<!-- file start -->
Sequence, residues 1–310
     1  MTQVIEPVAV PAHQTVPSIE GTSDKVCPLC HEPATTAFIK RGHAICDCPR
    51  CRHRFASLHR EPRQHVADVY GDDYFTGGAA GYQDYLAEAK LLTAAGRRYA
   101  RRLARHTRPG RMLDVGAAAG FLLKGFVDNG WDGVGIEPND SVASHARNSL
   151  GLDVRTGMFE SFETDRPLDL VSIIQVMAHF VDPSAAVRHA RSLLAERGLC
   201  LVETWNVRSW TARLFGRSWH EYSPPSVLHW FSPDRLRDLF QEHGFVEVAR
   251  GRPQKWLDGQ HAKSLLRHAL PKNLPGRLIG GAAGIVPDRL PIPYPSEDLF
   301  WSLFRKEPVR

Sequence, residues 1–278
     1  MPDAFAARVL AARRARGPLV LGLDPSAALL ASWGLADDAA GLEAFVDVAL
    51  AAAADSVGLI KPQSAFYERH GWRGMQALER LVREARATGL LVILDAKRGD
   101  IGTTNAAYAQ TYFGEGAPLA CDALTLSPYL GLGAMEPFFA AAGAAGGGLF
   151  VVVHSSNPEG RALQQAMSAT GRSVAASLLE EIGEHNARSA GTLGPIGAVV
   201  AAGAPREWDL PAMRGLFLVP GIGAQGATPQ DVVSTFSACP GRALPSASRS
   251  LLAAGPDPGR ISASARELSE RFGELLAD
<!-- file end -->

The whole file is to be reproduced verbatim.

Sequence, residues 1–310
     1  MTQVIEPVAV PAHQTVPSIE GTSDKVCPLC HEPATTAFIK RGHAICDCPR
    51  CRHRFASLHR EPRQHVADVY GDDYFTGGAA GYQDYLAEAK LLTAAGRRYA
   101  RRLARHTRPG RMLDVGAAAG FLLKGFVDNG WDGVGIEPND SVASHARNSL
   151  GLDVRTGMFE SFETDRPLDL VSIIQVMAHF VDPSAAVRHA RSLLAERGLC
   201  LVETWNVRSW TARLFGRSWH EYSPPSVLHW FSPDRLRDLF QEHGFVEVAR
   251  GRPQKWLDGQ HAKSLLRHAL PKNLPGRLIG GAAGIVPDRL PIPYPSEDLF
   301  WSLFRKEPVR

Sequence, residues 1–278
     1  MPDAFAARVL AARRARGPLV LGLDPSAALL ASWGLADDAA GLEAFVDVAL
    51  AAAADSVGLI KPQSAFYERH GWRGMQALER LVREARATGL LVILDAKRGD
   101  IGTTNAAYAQ TYFGEGAPLA CDALTLSPYL GLGAMEPFFA AAGAAGGGLF
   151  VVVHSSNPEG RALQQAMSAT GRSVAASLLE EIGEHNARSA GTLGPIGAVV
   201  AAGAPREWDL PAMRGLFLVP GIGAQGATPQ DVVSTFSACP GRALPSASRS
   251  LLAAGPDPGR ISASARELSE RFGELLAD